back to article News gatherers urge court to protect 'hot news' doctrine

Major US news organisations have filed papers with a New York court arguing that the controversial 'hot news' doctrine should be preserved and that they should be able to sue anyone who republishes their news quickly. Associated Press (AP), Agence France-Presse (AFP), the New York Times, local paper giant Gannet and others …


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  1. Leo Maxwell

    sauce for the goose....

    And maybe it should apply to all blogs and twitters as well....oh, hang on, that would hurt News International, CNN, ABC and all the other "freeloading" news sitesand TV channels.

    1. Anonymous Coward
      Thumb Up

      Good Call

      How about a "no copyright on visible blood" rule ?

      The current "we made stuff up and paid you to publish it" custom is to be preserved, of course.

  2. Inachu

    USA hardly gets hot news anymore.

    Most americans did not see the news about Israeli citizen selling t-shirts with the image of a gun scope to kill non pregnant jews.

    Stuff like that never hits main stream TV.

  3. Anonymous Coward

    I thought...

    virtually all news came from the marketing & PR departments these days?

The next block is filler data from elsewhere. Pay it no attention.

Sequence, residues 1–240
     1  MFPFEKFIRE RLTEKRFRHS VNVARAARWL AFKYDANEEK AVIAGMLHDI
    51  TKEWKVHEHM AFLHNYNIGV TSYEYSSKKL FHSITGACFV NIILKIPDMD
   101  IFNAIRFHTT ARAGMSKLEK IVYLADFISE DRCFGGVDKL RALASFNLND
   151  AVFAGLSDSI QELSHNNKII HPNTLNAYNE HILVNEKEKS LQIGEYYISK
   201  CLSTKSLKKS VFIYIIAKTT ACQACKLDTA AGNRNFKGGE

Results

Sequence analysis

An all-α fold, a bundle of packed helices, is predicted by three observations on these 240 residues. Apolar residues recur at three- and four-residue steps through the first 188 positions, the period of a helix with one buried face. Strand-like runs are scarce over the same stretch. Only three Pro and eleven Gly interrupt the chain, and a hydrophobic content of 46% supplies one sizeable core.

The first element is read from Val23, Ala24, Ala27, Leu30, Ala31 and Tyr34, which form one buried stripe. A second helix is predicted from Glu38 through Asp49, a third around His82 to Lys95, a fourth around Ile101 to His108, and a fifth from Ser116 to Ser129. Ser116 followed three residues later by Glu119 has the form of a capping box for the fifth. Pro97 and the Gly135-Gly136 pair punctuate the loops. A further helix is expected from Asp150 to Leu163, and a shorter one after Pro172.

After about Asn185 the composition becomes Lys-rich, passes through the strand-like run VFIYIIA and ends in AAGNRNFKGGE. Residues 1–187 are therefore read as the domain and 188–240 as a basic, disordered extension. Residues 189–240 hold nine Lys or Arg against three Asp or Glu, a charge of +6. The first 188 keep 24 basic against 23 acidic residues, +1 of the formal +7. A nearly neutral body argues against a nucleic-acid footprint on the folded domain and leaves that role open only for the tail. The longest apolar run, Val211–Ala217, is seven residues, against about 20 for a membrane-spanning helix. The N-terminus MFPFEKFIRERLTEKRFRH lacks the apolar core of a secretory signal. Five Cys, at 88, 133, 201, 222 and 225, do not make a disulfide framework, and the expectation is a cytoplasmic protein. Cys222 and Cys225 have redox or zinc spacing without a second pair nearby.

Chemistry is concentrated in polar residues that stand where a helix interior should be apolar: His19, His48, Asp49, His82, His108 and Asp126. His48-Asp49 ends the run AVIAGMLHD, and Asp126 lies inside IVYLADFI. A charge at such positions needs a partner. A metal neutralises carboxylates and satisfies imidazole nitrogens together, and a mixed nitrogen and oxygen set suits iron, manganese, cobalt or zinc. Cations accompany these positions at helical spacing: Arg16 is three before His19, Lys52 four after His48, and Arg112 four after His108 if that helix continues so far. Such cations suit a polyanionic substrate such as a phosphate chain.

4. Charles 9 Silver badge

    It helps to look at both sides.

    The news originators DO have a case. The fact is that...well, facts can have intrinsic value, particularly when in rarity (as in "hot news" or what were once referred to as "scoops"). It can be like oil or some other geographically-restricted resource--the FINDING is the hard part. And this value is what helps to provide revenues for news agencies to help them keep up with stories. It takes time, effort, manpower, etc. to rush over to an event that is or has recently happened and provide coverage of the story. The "hot news" incentive is sort of like the "treasure trove" incentive when one uncovers a valuable find.

    OTOH, the "freeloaders" can also have a case in that the pure overall value of a fact can differ depending on the scenario. For example, news of a danger is most valuable when it it widely circulated. Breaking news of this nature should be considered "TOO hot" and allowed to circulate in the name of safety.

  5. byrresheim
    Thumb Down

    google wold say that,

    woldn't they?

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